Robin’s Nest

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Robin’s Nest

Laurie Beechman Theatre, NYC, June 2, 2015

Reviewed by Ron Forman for Cabaret Scenes

Robin-Westle-Robions-Nest-Cabaret-Scenes-Magazine_212 Robin’s Nest is a show presented every three months at the Laurie Beechman Theatre to benefit the organization Hosted by Robin Westle (pictured), herself the mother of two adopted children, the show combines entertainment with moving human-interest stories by adoptees and adoptive parents.
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The carefully thought-out collection of songs all dealt in some sense with children.

Westle opened the entertainment portion of the show by singing the not-often-heard lyric to “Robbins’ Nest.” Approved adoptive parents Stephen Mitchell Brown and Leah Jennings beautifully performed “Our Children.” Raissa Katona Bennett’s voice blended beautifully with clarinetist Jonathan Kantor on “Stiff Upper Lip,” followed by a number from the upcoming production of Devil and the Deep,  a musical version of Treasure Island, in which she’s been cast. The most memorably moving portion of the show was Bulgarian-born fine artist Gero Easton’s display of a 7’ x 12’ painting depicting the moment his adoptive mother first held him in her arms.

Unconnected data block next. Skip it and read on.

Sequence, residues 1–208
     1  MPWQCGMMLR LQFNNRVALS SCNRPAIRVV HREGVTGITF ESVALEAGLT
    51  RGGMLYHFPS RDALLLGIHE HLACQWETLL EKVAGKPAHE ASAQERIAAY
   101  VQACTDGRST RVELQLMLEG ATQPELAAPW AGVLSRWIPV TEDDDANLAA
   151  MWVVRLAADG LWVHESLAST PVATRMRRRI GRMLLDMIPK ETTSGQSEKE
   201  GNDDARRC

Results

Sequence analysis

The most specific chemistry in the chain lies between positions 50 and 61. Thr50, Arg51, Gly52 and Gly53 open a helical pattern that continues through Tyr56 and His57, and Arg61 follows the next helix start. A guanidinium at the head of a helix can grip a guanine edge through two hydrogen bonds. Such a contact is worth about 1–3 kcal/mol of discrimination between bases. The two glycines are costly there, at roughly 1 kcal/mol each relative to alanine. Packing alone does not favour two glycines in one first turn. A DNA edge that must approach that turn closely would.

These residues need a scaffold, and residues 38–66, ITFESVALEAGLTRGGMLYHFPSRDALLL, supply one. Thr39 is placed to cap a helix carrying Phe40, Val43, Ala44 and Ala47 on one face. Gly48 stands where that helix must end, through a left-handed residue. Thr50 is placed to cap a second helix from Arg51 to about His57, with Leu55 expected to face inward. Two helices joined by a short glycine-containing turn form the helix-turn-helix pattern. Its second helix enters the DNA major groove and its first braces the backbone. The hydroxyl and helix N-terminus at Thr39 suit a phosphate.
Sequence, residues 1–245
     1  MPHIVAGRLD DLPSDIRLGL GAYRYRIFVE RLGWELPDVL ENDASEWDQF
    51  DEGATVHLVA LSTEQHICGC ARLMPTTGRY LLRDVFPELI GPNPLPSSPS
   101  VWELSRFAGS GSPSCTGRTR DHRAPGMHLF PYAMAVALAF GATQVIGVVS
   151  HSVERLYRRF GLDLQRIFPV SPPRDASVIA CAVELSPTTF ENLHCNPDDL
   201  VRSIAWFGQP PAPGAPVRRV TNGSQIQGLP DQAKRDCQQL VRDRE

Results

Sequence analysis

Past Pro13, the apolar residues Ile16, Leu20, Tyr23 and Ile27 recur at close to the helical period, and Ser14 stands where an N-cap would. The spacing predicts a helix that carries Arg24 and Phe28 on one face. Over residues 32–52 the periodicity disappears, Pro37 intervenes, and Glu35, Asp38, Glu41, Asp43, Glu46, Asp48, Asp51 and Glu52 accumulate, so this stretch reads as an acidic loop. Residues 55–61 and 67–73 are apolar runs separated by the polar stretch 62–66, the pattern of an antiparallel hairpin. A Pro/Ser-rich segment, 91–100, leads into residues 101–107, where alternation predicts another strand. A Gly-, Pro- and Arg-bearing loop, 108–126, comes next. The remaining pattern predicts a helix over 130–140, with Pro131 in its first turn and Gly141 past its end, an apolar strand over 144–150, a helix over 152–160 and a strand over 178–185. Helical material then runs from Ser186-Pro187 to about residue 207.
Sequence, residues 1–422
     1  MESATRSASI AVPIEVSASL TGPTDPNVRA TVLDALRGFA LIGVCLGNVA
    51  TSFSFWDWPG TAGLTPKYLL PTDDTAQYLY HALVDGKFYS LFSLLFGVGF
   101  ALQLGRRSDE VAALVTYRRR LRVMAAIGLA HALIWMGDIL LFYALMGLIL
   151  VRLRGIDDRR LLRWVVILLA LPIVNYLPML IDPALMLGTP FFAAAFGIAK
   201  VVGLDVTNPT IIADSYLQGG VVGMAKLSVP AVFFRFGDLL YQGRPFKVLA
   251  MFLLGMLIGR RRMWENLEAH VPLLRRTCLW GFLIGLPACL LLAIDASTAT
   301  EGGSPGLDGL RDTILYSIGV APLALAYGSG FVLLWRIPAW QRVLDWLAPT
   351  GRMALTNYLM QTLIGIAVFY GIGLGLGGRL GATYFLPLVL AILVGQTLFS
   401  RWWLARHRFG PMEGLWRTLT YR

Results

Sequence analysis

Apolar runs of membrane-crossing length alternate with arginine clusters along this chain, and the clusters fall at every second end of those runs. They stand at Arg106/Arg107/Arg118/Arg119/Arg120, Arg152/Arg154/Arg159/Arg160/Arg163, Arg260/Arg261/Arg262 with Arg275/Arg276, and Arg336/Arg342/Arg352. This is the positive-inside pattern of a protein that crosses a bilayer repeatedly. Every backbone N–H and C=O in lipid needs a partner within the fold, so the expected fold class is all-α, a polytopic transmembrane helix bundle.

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Eric Michael Gillett did a delightful reading of the children’s book A Mother for Choco, that led into his singing “Family.” The entertainment highlight of the evening was Karen Akers’s performance of five songs, beginning with “Wonderful Baby,” an exquisitely performed “Russian Lullabye” and ending with “Baby Mine” from the film Dumbo.

Ron Forman

Ron Forman has been a Mathematics Professor at Kingsborough Community College for 45 years. In that time, he has managed to branch out in many different areas. From 1977 to 1994 he was co-owner of Comics Unlimited, the third largest comic book distribution company in the USA. In 1999,after a lifetime of secretly wanting to do a radio program, he began his weekly Sweet Sounds program on WKRB 90.3 FM, dedicated to keeping the music of the Great American Songbook alive and accessible. This introduced him to the world of cabaret, which led to his position as a reviewer for Cabaret Scenes.